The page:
Schlereth read a letter from Chancellor Reed informing the campus about the current budget situation in the State and CSU. The letter explained that each campus is required to freeze hiring except for essential positions and full-time, tenure track faculty. Further, each campus will be expected to reduce its budget by at least 1% for the current fiscal year and possibly 5% or more next fiscal year. The 1% cut for this year works out to be around $526, 940 for the University with Administration and Finances share approximately $94,000. Dr. Arminaña has asked that a plan be developed for the 1% reduction before the holiday break. Bernie Goldstein informed Members that he has called a VPBAC meeting for November 20th to work on a plan for Academic Affairs. Goldstein emphasized that there are no layoffs planned for full-time employees. Andy Merrifield asked if contract lecturers would be included in the full-time group. Goldstein said that issue need to be studied. Melinda Barnard asked if the Chancellors Office would be included in the cuts. Schlereth assumes they would, but needs to check on this. Schlereth noted that next years cut would be larger and the budget would probably not include growth money. Schlereth explained that this topic would be the main discussion for the PBAC in upcoming meetings. Phil McGough asked Schlereth for his best guess on where cuts would be. Schlereth feels he has not had enough time to digest the cuts, but knows the cuts will be difficult because much of the money has already been committed or spent.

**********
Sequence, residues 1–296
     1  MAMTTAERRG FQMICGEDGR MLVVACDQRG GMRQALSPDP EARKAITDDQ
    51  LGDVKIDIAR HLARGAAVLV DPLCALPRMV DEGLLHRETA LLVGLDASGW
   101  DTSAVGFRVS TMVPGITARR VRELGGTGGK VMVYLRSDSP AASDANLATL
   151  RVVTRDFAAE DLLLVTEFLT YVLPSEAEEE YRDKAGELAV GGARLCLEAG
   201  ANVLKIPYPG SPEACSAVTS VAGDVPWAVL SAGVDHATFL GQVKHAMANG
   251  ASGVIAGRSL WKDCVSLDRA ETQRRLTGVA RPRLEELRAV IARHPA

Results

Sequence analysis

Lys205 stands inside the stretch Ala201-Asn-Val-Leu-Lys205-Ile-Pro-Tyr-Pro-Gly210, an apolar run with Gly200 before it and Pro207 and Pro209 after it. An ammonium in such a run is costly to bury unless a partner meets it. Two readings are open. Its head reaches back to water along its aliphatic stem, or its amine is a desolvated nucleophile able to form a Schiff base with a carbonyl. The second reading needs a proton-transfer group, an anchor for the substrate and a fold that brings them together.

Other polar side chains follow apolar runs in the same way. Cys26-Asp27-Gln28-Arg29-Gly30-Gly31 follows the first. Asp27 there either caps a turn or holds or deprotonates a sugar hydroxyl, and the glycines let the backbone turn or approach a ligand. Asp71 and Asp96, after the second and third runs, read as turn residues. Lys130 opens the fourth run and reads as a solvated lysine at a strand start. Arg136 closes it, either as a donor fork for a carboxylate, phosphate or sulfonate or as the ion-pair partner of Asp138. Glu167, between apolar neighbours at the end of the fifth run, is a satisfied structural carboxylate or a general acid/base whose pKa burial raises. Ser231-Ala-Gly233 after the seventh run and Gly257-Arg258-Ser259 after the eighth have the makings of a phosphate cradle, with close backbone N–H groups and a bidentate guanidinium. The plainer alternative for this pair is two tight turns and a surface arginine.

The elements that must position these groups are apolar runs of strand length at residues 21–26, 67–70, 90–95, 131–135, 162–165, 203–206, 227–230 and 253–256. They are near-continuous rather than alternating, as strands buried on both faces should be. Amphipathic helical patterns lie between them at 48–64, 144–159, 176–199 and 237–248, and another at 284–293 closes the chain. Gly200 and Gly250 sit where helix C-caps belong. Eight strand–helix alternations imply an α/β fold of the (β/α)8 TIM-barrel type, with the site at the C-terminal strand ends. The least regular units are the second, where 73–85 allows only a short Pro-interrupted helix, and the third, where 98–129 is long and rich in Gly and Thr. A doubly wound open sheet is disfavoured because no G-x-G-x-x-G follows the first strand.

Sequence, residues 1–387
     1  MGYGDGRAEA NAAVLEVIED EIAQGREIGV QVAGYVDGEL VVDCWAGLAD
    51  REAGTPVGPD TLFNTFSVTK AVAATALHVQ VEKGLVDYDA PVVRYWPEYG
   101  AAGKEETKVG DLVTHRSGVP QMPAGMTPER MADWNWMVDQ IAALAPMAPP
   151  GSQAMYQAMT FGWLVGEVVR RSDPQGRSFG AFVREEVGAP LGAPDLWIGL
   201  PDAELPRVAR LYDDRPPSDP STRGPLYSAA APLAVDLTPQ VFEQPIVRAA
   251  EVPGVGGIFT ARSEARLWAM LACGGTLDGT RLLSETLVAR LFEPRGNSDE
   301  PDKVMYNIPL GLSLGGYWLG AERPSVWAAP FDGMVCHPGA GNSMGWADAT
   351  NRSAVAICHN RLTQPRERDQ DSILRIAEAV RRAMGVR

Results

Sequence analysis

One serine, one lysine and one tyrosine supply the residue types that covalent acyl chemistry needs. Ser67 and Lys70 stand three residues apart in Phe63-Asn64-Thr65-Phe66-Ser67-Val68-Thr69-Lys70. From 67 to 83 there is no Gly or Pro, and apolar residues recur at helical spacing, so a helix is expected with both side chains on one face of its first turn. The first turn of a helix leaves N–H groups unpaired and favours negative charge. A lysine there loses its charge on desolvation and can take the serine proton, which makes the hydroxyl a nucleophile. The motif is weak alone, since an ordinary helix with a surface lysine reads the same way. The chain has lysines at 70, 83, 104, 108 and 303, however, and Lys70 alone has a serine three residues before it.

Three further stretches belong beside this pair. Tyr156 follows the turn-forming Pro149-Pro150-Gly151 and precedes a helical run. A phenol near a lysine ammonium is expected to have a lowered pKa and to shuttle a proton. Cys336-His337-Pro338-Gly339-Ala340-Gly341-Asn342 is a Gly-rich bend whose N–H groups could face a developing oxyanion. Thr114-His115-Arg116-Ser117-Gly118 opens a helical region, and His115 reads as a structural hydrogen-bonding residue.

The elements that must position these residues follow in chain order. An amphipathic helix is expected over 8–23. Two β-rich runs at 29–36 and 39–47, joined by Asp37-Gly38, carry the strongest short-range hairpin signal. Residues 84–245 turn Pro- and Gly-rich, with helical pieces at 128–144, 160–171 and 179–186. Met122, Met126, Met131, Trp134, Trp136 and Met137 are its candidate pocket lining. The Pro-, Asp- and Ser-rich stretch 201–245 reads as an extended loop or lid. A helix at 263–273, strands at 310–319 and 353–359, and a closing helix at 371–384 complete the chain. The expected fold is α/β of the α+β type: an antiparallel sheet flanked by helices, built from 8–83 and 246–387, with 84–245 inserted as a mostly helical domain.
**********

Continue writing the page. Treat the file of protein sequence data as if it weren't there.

Schlereth reviewed University Reserve items and explained assessments are being made to cover the expenses. Schlereth and Goldstein have agreed to not bring any additional items to the reserve this year.
(Please see the November 9, 2001 Agenda Packet for this document)
Utilization of New Division Funds: 2000-2001